Corliss hopes healthcare providers will use this information to recognize that lesbian and bisexual women may be at a greater risk of obesity and obesity-related health conditions. But more important, she hopes the study findings will impact society as a whole.
“It’s less about what any lesbian or bisexual woman should or shouldn’t do from the results of this study,” Corliss says. “It’s more about what we should do as a society to address the social factors that contribute to health disparities in this country.”
Why More Studies on Minority Stress, Sexuality, and Risk of Diabetes Are Needed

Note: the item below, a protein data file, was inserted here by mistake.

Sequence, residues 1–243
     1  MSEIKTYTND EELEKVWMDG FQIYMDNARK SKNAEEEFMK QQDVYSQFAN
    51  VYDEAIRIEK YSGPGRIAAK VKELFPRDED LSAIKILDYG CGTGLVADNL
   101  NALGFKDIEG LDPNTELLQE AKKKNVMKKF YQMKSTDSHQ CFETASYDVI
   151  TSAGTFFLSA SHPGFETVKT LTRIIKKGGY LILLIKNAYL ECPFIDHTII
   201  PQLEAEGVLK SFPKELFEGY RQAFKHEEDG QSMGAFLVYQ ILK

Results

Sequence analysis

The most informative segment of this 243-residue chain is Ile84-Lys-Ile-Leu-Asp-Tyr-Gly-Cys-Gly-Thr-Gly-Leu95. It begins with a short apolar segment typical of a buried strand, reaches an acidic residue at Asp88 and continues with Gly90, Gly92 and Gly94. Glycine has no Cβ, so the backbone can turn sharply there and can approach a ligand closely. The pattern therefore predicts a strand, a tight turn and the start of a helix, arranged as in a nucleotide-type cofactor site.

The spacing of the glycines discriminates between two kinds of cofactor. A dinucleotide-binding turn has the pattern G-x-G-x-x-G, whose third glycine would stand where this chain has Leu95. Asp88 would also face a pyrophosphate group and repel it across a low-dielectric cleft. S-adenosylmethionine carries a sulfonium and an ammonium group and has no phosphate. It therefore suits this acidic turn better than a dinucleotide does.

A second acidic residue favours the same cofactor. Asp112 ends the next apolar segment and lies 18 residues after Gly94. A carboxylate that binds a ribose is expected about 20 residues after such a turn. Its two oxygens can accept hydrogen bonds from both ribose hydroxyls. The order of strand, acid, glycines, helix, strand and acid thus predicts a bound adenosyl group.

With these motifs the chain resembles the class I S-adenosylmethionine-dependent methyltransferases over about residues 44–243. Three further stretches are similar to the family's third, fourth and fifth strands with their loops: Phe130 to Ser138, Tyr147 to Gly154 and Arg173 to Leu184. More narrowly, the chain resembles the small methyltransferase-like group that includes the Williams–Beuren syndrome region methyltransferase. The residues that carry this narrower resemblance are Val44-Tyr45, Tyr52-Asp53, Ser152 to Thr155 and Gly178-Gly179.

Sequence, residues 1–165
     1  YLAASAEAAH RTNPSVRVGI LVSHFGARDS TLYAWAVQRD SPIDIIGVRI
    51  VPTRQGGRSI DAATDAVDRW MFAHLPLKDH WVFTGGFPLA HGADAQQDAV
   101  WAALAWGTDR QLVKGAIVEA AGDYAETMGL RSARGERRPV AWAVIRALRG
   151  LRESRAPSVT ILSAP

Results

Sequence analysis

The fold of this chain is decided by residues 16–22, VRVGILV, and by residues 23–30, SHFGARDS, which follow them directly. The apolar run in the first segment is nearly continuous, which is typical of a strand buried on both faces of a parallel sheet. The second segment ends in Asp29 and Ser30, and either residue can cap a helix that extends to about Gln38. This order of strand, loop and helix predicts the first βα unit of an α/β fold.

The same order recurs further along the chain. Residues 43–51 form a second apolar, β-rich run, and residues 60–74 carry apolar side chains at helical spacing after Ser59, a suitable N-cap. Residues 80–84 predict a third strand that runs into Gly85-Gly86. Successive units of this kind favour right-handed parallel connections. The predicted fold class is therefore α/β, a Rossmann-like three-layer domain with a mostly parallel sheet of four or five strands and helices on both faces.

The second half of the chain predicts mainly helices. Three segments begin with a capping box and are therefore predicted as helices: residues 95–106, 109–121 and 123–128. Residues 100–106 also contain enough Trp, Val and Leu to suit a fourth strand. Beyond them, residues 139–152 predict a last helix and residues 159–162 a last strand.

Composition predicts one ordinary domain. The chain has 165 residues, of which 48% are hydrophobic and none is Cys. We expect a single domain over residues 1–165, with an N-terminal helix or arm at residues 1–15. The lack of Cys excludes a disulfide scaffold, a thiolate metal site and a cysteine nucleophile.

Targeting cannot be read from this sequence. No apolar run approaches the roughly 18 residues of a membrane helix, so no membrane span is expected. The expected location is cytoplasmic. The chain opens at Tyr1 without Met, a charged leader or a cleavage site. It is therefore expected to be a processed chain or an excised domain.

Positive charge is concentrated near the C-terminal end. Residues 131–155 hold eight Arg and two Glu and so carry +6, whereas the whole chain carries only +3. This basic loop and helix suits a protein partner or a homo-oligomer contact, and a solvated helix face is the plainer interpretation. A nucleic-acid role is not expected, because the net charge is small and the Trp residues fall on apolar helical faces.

Although the results add to a growing body of research specifically regarding sexual orientation, it’s important to point out that the findings might not be representative of all women in the United States. That’s because all of the participants in the study are professional nurses and a majority are non-Hispanic white, which the authors note in their published paper. Therefore, more research with a more nationally representative study group is needed.
The results also cannot be generalized to those who are “economically challenged, which is where we tend to see many impacted by this disease,” says Lisa Sumlin, PhD, an assistant professor at The University of Texas in Austin School of Nursing, who was not involved in the research. Sumlin is referring to people who are low income — a risk factor that is associated with the disease regardless of their race.